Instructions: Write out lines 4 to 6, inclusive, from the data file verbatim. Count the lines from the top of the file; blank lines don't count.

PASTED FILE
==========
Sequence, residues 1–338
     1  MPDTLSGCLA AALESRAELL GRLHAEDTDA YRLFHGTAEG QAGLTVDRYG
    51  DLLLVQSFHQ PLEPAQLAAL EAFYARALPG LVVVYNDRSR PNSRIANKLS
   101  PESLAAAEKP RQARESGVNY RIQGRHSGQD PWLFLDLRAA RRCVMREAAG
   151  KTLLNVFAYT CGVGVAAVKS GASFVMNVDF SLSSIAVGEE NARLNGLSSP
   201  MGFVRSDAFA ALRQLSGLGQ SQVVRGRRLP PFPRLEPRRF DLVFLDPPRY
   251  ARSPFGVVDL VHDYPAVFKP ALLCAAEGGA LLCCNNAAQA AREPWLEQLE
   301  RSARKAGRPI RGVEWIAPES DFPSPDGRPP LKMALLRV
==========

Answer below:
   101  PESLAAAEKP RQARESGVNY RIQGRHSGQD PWLFLDLRAA RRCVMREAAG
   151  KTLLNVFAYT CGVGVAAVKS GASFVMNVDF SLSSIAVGEE NARLNGLSSP
   201  MGFVRSDAFA ALRQLSGLGQ SQVVRGRRLP PFPRLEPRRF DLVFLDPPRY